I always like sharing my triumphs here on the blog. It feels great to accomplish something positive and be able to share it with you all, my readers. But sometimes when I do something, it doesn't work out exactly as I have planned. (I know! Hard to believe, right???) I never mind telling you all about those times either though because I really want people to understand that being successful does NOT mean having everything work out perfectly every time. Anyone who tells you different is lying. We all stumble from time to time and we all have our successes and failures.
I think that admitting that we did something wrong and adjusting or trying again is part of every designing process. No matter how well thought out an idea may be, the actual implementation of that idea is what really is important. Things may look fine and good on paper, but once one actually makes the build or paints the picture, it may not be quite as one expected.
Such is what happened to me yesterday.
Now it isn't a really big deal and certainly one that can be fixed, but it is bothersome enough to me to feel really HAPPY that I like to cut my own prototypes and asses my designs myself. In order for me to feel really good and confident about the designs I am offering, I like to actually make them. Now I know that sometimes on flat plaques and things I rely on the computer to create the pictures for the patterns (and I see nothing wrong with that in certain circumstances – like when I am making a plaque) but especially when I am building a three dimensional piece, I really like to cut it myself so I can really make sure my drawings and all are correct. Besides – I like cutting.
Yesterday I finished cutting my SLD489 Layered Heart Damask Boxes (the link won't work until I post the product in a couple of days) and I lovingly sanded and finished it using several coats of spry shellac. I love the way the maple and walnut looked when finished with shellac. The soft sheen really brings out the grain without looking plastic-y. In between things, I worked on transferring files and setting up my new hard drive on my computer. For the past several days I had been waiting for the drive to arrive and things were just 'out of place'.
I was getting ready to glue the pieces together for the rings of the boxes last night when I dry fit them together and something struck me – the box was too "tall". :(
You may not see it here, but it definitely looked too tall for the width. When I pulled out the top trim ring (the walnut one) I liked the look of the box much better:
Here is a picture of it with my hand in so you can see the size:
I liked that much better. However, if I were to pul one of the rings out of the center (which I need to do because the bottom is solid and the top is the trim ring with a smooth and routed edge) than the color sequence of the maple and walnut pieces would look out of whack. It just wouldn't be what I envisioned.
Now there are many solutions to this problem to choose. I could just allow the two walnut pieces to be on the top two layers and keep the two maple on the bottom. I could use all five layers, but cut them from thinner wood (maybe planed to 1/4" instead of 3/8ths. or I could simply re-cut the walnut ring and have the three side pieces done in maple and only the trim ring in the accent walnut color. I think I will choose the third option.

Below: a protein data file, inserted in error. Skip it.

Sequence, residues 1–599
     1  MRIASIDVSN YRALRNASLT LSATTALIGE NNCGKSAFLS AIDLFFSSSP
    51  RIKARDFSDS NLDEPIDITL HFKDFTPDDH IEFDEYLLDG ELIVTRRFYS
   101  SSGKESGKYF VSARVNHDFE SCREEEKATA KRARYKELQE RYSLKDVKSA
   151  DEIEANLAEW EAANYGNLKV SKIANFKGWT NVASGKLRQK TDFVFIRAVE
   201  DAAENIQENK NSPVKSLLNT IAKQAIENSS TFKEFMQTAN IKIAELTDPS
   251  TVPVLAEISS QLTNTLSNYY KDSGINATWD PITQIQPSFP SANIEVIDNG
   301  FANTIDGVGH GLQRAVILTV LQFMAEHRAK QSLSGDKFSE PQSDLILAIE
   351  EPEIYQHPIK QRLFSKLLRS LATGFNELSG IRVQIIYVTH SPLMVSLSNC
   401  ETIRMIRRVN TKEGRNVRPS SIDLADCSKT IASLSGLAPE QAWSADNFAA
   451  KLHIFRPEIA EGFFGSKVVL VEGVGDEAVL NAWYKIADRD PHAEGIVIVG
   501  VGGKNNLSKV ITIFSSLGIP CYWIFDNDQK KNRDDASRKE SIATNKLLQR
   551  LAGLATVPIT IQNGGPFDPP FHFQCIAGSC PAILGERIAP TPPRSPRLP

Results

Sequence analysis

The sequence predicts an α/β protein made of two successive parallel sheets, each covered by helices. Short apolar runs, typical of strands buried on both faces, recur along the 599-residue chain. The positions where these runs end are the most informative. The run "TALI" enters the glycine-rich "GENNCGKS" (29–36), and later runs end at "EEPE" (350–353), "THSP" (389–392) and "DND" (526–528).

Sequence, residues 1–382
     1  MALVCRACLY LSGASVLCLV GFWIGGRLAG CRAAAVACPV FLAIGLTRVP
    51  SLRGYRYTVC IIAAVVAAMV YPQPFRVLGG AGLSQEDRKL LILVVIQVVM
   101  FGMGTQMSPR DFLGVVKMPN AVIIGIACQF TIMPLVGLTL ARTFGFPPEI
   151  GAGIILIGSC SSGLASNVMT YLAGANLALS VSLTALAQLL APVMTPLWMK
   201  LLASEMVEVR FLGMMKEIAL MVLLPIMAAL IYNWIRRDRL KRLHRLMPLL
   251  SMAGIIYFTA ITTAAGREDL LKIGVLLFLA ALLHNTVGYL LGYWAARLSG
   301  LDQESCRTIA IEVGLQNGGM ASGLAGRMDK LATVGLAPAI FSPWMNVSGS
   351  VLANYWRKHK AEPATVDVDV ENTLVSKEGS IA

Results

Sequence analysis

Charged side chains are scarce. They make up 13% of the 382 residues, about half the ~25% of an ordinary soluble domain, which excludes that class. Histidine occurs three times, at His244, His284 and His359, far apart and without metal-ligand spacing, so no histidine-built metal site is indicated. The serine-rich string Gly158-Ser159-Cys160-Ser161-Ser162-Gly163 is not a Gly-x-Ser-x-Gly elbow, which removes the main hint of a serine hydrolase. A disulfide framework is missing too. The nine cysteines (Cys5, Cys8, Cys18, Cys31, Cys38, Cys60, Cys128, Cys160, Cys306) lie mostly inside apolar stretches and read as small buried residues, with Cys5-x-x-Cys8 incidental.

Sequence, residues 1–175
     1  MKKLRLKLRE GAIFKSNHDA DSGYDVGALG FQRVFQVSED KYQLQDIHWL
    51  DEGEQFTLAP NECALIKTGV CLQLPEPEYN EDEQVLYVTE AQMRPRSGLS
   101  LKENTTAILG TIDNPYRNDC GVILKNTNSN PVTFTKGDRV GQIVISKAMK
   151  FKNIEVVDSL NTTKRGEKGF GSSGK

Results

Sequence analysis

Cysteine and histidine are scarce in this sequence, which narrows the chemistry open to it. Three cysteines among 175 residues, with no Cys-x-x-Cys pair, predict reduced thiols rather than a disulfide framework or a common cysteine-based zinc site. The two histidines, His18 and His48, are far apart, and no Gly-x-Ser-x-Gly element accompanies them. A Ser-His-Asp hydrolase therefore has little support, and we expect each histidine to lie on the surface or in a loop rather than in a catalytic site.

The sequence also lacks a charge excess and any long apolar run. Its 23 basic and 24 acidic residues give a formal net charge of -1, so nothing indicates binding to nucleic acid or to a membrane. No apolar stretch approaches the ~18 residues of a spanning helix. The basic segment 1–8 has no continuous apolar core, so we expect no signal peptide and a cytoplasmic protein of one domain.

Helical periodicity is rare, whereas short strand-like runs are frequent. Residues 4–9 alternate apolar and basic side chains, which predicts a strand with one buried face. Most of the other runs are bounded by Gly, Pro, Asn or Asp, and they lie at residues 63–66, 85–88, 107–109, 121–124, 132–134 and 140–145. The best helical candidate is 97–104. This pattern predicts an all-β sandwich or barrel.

Of course, I am sure I will get many different opinions as to which one to choose. I find that people are as diverse as the options presented to them. But my own personal taste is what I will follow on this one, as I need to feel good about what I am doing and I really think this will be more attractive. So it is back to the saw for me today.
On the 'good news' side, I think the box came out really beautiful. The two options for the lids are shown here:
One option is to make the lid entirely patterned in the Damask design. The other is a monogram. The pattern will include the entire alphabet, and I also included the lower case lettering so that my customers can use it with other projects.
I am finishing this up today as well as the other heart-themed project. Hopefully I will be able to get the patterns together today as well. We will just have to see how it goes.
In closing today, I want to show you some photos from Sergio Marsala who is a customer. He used Keith's SLDK315 Family Plaque Design and a re-purposed headboard to make a wonderful deacon's bench:
At the top and center of the back of the bench, it added Keith's Family plaque:
After building the base, he added the seat:
And then painted it with chalky finish paint for a distressed look:
It makes a beautiful piece for an entryway or anywhere:
Both Keith and I love seeing others use our designs in this way. It is great to see that our customers are using our patterns for their own unique designs and applications. I wanted to share it with you all so that it may inspire you to also think of other ways you can use your own patterns. I think it is lovely.
Well, that will be all for today. It is snowing large flakes out today and a bit grey. The rain from the past few days had wiped the landscape of snow and it we were due to have more fall. But I don't mind. Besides my quick trip to the post office, I can stay inside here and work. It will be a good day.
I wish you all a wonderful Wednesday. Be happy and do something fun and creative!
-- Designer/Artist/Teacher. Owner of Sheila Landry Designs (http://www.sheilalandrydesigns.com) Scroll saw, wood working and painting patterns and surfaces. "Knowledge is Power"